15. ATWOOD, Margaret. The Trumpets of Summer. (Toronto): (Berandol Music) (1964). An early, ephemeral piece by Atwood-a libretto for a choral suite for mixed chorus, four soloists, male speaker, and six instruments; commissioned by the CBC for the Shakespeare Quatercentenary. First performed in Montreal on November 29, 1964. Music by John Beckwith; although only the text is printed here. Fine in stapled wrappers. It is unlikely that many of these would have been created, let alone have survived all this time. A scarce, early item, preceding her first novel by five years.
16. ATWOOD, Margaret. The Circle Game. (n.p.): House of Anansi (1967). The second edition, and so-called "first trade edition," of this early collection of poetry, first published in 1966, and winner of the Governor General's Award. 1/100 numbered copies signed by the author. An early limited edition for her, and a small limitation. Fine in slipcase.
17. ATWOOD, Margaret. The Edible Woman. Toronto: McClelland (1969). The true first edition (Canadian) of her first novel. A near fine copy in a near fine dust jacket with a long thin chip along the lower edge of the front panel and other minor edgewear. Signed by the author.
18. ATWOOD, Margaret. Procedures for Underground. Boston: Little Brown (1970). The first American edition, and the first hardcover edition, of this collection of poems, which was her second book published in the U.S. Signed by the author. Fine in a slightly spine-faded, very good dust jacket.
19. ATWOOD, Margaret. Surfacing. Toronto: McLelland & Stewart (1972). The correct first edition-i.e., Canadian-of her second novel. Owner name and address front flyleaf; else fine in fine dust jacket. Widely considered a contemporary feminist classic.
20. ATWOOD, Margaret. Power Politics. NY: Harper & Row (1973). First American edition, a collection of poems. This is the simultaneous hardcover edition. Fine in fine, price-clipped dust jacket.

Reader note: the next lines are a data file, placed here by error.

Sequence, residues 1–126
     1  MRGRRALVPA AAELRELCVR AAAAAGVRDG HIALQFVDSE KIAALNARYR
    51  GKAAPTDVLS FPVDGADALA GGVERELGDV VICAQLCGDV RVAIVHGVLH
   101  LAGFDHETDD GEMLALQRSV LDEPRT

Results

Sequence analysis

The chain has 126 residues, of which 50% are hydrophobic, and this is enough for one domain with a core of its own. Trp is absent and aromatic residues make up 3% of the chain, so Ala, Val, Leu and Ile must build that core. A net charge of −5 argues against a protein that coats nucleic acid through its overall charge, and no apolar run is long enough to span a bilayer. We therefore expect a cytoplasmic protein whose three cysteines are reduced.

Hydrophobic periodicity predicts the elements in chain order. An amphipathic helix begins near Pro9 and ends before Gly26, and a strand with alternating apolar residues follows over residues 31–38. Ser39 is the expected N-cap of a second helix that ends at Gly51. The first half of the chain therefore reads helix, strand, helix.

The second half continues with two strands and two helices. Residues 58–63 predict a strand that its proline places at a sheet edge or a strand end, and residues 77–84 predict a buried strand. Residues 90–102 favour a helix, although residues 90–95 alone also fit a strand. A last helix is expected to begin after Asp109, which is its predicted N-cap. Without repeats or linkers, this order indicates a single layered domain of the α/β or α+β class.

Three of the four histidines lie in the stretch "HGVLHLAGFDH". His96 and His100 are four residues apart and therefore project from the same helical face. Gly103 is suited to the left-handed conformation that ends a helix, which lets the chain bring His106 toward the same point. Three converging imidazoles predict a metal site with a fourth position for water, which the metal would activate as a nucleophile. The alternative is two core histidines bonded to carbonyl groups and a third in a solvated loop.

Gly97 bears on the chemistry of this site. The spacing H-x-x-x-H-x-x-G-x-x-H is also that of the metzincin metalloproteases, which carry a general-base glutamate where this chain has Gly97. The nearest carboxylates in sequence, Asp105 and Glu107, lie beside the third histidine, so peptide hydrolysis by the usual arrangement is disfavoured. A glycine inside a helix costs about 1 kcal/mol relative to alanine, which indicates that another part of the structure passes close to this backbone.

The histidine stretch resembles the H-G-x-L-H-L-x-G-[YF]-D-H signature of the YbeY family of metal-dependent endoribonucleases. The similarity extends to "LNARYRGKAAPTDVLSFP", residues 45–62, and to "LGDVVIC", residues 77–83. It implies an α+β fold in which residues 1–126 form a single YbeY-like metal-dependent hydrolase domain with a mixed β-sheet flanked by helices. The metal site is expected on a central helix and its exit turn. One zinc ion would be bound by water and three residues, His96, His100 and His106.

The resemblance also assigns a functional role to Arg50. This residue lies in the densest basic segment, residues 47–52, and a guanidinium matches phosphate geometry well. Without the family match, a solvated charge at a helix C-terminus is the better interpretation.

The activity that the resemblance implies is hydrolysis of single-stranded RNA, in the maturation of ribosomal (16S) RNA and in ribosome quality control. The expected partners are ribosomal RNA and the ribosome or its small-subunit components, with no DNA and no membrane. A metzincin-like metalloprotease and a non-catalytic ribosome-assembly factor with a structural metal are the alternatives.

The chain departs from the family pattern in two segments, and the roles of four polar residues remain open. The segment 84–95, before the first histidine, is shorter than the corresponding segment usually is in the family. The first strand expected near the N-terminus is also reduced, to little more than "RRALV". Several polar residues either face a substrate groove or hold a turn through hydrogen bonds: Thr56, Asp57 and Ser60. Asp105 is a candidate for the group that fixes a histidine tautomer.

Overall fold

21. ATWOOD, Margaret. Encounters with the Element Man. Concord: Ewert, 1982. The first separate edition and first book publication of this story, originally written in 1971 but never collected. Of a total edition of 160 copies, this is one of 100 copies in wrappers, signed by the author and the designer, Michael McCurdy. Fine. An attractive, uncommon edition.
22. ATWOOD, Margaret. The Handmaid's Tale. (Toronto): McLelland & Stewart (1985). The correct first edition (Canadian) of what many consider her best, or at least most powerful, novel-a haunting feminist vision of a dark future. Made into an ambitious, moderately successful film. Very near fine in like dust jacket.
23. ATWOOD, Margaret. The Robber Bride. NY: Doubleday (1993). First U.S. edition of this novel. Unobtrusive owner name front flyleaf; else fine in fine, price-clipped dust jacket. Together with The Book Group Companion to Margaret Atwood's The Robber Bride -- an uncommon, ephemeral item -- fine in stapled wrappers. For the two:
24. BAINBRIDGE, Beryl. Harriet Said... NY: Braziller (1973). First American edition of her first novel to be published in the U.S. Inscribed by the author, with her own editorial comment: "This is alright. Almost the best one." Fine in fine dust jacket. A very nice copy of a not very common book.
25. BAINBRIDGE, Beryl. The Bottle Factory Outing. NY: Braziller (1975). First American edition. Inscribed by the author with what appears to be the continuation of a conversation: "I will read the Truman Capote story - tomorrow." Fine in fine dust jacket.
26. BAINBRIDGE, Beryl. Sweet William. NY: Braziller (1976). First American edition. Inscribed by the author with an allusion to the literary genesis of the book: "This is Alan Sharp [a British novelist] - He wasn't all that sweet..." Fine in near fine dust jacket.
27. BAINBRIDGE, Beryl. A Quiet Life. NY: Braziller (1977). Advance review copy of the first American edition. Inscribed by the author with the comment "This is what I think is the best one - whatever that means." Fine in fine dust jacket.
28. BAINBRIDGE, Beryl. Injury Time. NY: Braziller (1977). The first American edition. Inscribed by the author with the comment that "this is last year - it's alright but slight." Fine in fine dust jacket.